Tony Blair has warned Labour activists against moving the party to the left to halt falling membership.
Tony Blair warned that leftist policies would lose Labour power
The prime minister said his public service reforms had allowed Labour to keep in touch with the public mood.
Speaking at the Progress conference in London, he warned that shifting to the leftist policies of the past would see the party lose power.
"We know where that leads: to a right-wing Conservative government," he said. "Always has done, always will."
Labour membership has fallen to below 200,000 - its lowest level since Mr Blair became leader in 1994.
Mr Blair's critics have claimed that the fall in membership has been driven by reforms such as foundation hospitals and university top-up fees.
But the prime minister was defiant in his speech on Saturday, saying that the party's success was underlined by Tory leadership contenders "scrambling" to copy its policies.
Labour should continue to claim the "centre ground" in politics, he said.
"What we must not do is fall for some modern version of the old left delusion that the problem with the progressive government is that it is not left enough, and if only its leadership rediscovered its true principles all would be well."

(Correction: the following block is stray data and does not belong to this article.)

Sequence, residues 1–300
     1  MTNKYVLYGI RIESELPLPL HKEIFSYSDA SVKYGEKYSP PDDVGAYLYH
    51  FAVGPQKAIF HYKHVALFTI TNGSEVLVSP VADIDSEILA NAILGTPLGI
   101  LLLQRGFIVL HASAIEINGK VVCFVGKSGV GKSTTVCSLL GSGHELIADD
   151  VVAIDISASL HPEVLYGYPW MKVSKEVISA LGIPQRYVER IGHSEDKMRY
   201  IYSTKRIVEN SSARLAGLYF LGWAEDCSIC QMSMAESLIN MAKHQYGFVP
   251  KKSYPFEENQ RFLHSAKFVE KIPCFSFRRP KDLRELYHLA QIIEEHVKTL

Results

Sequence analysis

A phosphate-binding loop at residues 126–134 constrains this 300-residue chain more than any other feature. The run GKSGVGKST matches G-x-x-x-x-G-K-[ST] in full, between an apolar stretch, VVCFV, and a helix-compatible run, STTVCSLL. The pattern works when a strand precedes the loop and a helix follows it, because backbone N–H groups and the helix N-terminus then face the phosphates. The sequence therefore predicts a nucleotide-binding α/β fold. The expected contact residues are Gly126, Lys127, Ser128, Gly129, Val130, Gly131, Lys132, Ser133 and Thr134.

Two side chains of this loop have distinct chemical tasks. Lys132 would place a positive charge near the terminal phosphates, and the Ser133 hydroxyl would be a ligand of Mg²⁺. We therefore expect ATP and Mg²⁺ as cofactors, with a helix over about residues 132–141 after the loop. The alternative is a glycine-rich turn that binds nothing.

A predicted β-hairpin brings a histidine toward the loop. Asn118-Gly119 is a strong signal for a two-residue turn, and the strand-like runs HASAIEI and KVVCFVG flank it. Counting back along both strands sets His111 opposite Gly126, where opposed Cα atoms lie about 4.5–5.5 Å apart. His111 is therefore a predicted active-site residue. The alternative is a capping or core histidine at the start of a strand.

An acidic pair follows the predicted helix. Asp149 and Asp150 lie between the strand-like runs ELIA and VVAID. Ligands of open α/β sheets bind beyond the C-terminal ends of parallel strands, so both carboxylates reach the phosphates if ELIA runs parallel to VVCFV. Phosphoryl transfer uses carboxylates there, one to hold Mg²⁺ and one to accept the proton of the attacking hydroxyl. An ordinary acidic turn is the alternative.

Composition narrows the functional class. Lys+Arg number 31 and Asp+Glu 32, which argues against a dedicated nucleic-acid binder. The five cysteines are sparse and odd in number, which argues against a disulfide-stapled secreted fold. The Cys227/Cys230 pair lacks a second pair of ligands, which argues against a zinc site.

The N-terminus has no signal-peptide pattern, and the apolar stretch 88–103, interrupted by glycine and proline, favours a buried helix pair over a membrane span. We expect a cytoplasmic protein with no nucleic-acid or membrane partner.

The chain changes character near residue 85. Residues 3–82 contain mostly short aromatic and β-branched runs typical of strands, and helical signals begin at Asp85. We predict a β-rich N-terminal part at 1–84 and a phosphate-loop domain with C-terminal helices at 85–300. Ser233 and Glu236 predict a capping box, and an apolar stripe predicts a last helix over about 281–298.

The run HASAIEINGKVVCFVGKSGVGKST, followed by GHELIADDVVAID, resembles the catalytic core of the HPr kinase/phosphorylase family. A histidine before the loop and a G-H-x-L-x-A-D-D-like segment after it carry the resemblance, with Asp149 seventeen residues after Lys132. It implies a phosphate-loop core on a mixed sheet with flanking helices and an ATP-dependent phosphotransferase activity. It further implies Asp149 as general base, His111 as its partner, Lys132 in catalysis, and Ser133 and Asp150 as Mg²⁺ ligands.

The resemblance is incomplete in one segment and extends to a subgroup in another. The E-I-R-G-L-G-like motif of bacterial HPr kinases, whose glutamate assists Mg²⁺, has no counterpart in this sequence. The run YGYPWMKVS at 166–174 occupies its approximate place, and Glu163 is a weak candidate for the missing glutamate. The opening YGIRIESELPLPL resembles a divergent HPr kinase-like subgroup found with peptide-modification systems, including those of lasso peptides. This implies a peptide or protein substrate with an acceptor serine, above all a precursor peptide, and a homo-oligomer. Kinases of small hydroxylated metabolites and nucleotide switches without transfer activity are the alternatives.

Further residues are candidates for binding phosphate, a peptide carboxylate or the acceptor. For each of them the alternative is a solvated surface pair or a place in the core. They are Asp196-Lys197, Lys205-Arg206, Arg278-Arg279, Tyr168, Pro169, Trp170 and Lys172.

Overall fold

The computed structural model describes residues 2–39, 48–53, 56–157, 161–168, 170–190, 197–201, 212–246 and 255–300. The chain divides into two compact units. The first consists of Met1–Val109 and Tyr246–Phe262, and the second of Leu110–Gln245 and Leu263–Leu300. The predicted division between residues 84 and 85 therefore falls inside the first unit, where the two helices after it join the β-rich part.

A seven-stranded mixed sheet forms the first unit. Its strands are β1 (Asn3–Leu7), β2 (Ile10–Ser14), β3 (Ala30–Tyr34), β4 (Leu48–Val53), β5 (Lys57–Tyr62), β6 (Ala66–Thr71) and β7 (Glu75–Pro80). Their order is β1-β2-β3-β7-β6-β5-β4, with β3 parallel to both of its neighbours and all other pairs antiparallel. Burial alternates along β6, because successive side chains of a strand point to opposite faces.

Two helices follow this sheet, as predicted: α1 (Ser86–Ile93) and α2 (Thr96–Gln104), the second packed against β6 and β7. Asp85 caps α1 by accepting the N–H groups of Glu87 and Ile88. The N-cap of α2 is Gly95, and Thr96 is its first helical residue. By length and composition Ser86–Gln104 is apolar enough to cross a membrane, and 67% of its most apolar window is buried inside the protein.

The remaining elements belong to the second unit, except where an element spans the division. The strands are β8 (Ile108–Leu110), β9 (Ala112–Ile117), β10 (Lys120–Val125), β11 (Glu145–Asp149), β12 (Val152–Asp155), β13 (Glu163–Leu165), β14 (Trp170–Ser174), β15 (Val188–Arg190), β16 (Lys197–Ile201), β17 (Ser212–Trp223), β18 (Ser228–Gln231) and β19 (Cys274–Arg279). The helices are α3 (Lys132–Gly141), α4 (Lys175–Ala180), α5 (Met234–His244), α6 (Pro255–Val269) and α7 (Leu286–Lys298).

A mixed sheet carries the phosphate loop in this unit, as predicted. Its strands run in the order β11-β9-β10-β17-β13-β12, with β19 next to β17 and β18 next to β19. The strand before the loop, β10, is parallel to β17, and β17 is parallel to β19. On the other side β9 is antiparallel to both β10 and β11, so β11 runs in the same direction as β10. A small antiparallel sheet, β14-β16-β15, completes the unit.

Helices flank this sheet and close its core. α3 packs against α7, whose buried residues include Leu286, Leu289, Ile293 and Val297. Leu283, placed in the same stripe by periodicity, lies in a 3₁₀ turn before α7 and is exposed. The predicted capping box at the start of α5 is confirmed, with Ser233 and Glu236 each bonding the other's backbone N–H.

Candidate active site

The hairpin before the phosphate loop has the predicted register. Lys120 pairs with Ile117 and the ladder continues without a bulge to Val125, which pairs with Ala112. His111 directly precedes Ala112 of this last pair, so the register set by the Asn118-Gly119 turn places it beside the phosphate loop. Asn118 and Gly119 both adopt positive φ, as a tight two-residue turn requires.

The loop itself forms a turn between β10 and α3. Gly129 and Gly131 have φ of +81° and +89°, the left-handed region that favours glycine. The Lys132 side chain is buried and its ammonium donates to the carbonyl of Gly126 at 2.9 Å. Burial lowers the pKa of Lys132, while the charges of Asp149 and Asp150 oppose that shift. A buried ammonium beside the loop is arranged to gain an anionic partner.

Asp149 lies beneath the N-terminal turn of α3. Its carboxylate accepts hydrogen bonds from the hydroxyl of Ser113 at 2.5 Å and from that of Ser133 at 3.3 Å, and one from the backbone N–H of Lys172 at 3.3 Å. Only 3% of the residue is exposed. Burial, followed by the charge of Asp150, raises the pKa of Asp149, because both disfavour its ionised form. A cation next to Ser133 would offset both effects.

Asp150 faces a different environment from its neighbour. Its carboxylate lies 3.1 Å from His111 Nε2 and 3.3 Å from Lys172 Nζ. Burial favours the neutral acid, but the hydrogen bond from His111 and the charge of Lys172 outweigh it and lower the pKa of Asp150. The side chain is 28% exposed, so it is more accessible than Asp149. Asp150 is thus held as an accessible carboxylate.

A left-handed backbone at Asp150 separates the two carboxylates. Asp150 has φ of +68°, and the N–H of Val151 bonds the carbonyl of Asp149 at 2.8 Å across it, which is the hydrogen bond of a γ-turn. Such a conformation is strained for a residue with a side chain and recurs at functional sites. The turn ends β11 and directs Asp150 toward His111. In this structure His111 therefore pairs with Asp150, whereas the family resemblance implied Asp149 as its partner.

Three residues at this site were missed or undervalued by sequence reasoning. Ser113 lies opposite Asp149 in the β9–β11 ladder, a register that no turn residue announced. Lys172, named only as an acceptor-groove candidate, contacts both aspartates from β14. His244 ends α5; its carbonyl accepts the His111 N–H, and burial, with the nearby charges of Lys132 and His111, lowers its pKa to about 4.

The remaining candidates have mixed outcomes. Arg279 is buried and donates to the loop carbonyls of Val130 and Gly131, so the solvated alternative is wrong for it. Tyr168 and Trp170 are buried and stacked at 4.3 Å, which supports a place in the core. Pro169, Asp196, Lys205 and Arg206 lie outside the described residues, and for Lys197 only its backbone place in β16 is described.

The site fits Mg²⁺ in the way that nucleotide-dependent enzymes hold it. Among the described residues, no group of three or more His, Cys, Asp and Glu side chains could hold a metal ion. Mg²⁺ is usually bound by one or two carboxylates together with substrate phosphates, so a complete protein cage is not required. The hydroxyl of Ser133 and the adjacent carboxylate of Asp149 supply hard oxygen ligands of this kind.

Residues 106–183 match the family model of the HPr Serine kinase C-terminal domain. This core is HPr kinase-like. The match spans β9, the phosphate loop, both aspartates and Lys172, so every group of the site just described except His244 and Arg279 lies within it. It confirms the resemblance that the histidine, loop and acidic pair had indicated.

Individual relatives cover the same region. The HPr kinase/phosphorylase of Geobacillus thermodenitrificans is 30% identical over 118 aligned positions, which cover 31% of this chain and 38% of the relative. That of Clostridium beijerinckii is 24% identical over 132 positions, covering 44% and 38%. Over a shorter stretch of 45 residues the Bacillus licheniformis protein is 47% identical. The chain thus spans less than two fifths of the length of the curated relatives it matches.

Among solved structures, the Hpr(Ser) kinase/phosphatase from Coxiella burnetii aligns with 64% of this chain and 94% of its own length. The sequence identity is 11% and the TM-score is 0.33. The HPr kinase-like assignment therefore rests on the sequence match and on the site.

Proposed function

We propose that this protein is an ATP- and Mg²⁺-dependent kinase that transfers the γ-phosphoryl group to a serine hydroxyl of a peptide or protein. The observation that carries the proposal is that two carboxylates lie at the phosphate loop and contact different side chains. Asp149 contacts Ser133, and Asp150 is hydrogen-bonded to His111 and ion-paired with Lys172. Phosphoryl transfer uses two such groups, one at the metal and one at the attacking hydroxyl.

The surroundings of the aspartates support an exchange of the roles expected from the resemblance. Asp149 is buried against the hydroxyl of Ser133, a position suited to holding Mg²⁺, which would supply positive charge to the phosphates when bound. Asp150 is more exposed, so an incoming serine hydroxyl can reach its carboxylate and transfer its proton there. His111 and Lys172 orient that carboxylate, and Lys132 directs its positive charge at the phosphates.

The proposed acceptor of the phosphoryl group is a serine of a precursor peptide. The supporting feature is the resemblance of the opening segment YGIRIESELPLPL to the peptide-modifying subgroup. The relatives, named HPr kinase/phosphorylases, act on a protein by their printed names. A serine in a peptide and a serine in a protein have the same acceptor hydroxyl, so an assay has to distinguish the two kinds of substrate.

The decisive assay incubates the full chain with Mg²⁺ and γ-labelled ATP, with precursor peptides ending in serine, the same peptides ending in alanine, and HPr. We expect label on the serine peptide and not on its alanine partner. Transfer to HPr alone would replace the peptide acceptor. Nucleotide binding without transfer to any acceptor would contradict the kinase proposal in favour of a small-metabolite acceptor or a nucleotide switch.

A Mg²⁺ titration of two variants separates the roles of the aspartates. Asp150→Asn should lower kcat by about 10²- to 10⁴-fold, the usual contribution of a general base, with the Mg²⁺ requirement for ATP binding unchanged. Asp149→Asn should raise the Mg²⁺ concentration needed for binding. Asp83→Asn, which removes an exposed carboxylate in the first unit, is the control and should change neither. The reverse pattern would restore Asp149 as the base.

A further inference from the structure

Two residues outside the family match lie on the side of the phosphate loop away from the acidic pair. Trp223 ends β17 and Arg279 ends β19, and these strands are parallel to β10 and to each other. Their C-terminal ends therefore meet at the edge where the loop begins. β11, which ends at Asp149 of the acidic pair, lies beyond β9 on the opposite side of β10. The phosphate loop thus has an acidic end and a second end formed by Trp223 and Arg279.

Urging activists to remain focused on retaining power, he added that the party had to be organised as a "broad-based political movement" to keep in touch with voters' needs.
"Because to be in touch is to be in power and even if not in government, always to be a contender for it," he said.
Over the next year, Mr Blair said the leadership would consult with members to change the party's organisation so that it connected better with its supporters.
But Tony Woodley, general secretary of the Transport and General Workers' Union, said: "It is strange that party leaders only want to 'revive or modernise' our relationship after suffering heavy defeats at conference."
He added: "It is time to wake up and smell the coffee on issues that matter most to working people.
"Failing to do so goes some way to explain why party membership is falling below 200,000."
Progress is an independent organisation for Labour members and trade unionists.
Its honorary president is Alan Milburn, the former health secretary who was in charge of Labour's campaign for the general election in May.
Mr Blair's comments echo the defence of public sector reforms he made at the Labour Party conference last month when he claimed he wished he had been more radical.
He said: "Every time I've ever introduced a reform in government, I wish in retrospect I had gone further."